The Cost of Labor
Oct 22, 2021
There is a supply chain issue in this country being amplified by a shortage of laborers. It’s not that there aren’t laborers available. Instead, it’s that they want a decent wage with decent benefits and maybe, just maybe an acknowledgment of their contribution to the success of a company.
We have a serious issue of income inequality. Most economists pinpoint the 1980s as the point at which the disparities started becoming prevalent. It’s no coincidence that coincides with the fall or organized labor. Between 1979 and 2019, real wage growth of blue collar workers has grown less than 9%. By comparison, wages have grown over 41% for upper management. At some point, workers were destined to say, “enough”. Enter Covid.
Throughout the pandemic, many of us have adapted to working from home. Meetings have moved to Zoom. We’ve figured out ways of being productive without being in an office. But there are front line workers who have continued going to work to keep the economy from going off a cliff. Truck drivers had to transport goods. We needed people stocking shelves in grocery stores. Delivery drivers became in high demand. Teachers were being asked to go back to schools before vaccines were available. While the rest of us were pecking away on computers from the comfort of our couches and wearing our Lulu pants, lower wage earners were quite literally being asked to risk their lives to fill low paying jobs that are crucial to keeping the economy moving along.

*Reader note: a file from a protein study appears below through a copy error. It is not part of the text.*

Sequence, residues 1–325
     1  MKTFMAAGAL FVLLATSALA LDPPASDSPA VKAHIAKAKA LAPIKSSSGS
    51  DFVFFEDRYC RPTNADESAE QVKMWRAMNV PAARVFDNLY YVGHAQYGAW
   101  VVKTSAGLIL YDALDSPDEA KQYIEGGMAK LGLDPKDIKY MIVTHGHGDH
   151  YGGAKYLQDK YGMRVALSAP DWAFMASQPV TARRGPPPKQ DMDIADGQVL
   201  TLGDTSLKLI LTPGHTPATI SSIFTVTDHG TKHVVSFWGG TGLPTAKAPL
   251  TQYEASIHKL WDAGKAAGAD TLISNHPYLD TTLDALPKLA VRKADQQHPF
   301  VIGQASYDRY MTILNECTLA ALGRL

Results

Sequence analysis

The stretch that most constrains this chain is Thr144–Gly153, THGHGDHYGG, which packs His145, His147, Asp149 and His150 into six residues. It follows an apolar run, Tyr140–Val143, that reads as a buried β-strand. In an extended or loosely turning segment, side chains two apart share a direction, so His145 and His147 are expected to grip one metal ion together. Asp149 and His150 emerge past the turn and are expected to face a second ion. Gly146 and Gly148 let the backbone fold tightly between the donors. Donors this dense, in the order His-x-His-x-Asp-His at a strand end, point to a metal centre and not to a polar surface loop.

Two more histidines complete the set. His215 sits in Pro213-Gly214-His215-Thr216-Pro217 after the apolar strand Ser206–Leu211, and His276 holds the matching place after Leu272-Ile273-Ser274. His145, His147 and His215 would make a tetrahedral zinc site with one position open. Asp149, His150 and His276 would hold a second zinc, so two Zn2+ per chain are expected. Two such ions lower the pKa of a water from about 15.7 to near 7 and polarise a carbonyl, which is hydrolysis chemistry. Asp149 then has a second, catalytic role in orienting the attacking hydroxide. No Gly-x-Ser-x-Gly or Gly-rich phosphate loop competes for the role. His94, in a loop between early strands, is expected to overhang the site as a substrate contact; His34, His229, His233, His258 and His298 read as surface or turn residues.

Now, with ships lined up offshore for miles and supply chain crunches abound, politicians on one side are blaming the current administration for the gridlock. It’s ironic. The same party that supported gutting unions and launched income inequality now wants to point fingers and place blame on others for the mess they made.
Maybe it’s high time we begin acknowledging the crucial role labor plays in our economic health. Perhaps, we can finally accept the idea that trickle down economics doesn’t work. It creates a facade of a growing economy but that growth is the result of a limited few people accumulating a much greater share of wealth.
What we’ve been doing the last forty years has brought us to this point. We’ve caused economic divisions that have morphed into ideological tensions. You don’t need glasses to see where this is headed. If we want to address the supply chain issues, which are truly nothing more than a symptom of the problem, let’s begin with fairer wages and see what happens.
Written by Dylan Ratigan and Josh Fabian
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